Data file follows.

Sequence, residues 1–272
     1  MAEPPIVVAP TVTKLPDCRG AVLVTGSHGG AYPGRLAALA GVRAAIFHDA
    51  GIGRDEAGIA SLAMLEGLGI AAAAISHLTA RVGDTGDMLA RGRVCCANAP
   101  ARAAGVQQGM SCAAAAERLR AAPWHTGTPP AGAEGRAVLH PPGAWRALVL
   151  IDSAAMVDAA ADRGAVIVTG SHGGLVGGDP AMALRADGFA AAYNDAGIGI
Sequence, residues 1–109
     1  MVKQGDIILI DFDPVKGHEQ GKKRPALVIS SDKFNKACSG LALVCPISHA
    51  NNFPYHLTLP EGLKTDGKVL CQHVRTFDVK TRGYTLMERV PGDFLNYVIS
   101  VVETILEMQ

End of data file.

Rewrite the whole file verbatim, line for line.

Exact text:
Sequence, residues 1–272
     1  MAEPPIVVAP TVTKLPDCRG AVLVTGSHGG AYPGRLAALA GVRAAIFHDA
    51  GIGRDEAGIA SLAMLEGLGI AAAAISHLTA RVGDTGDMLA RGRVCCANAP
   101  ARAAGVQQGM SCAAAAERLR AAPWHTGTPP AGAEGRAVLH PPGAWRALVL
   151  IDSAAMVDAA ADRGAVIVTG SHGGLVGGDP AMALRADGFA AAYNDAGIGI
Sequence, residues 1–109
     1  MVKQGDIILI DFDPVKGHEQ GKKRPALVIS SDKFNKACSG LALVCPISHA
    51  NNFPYHLTLP EGLKTDGKVL CQHVRTFDVK TRGYTLMERV PGDFLNYVIS
   101  VVETILEMQ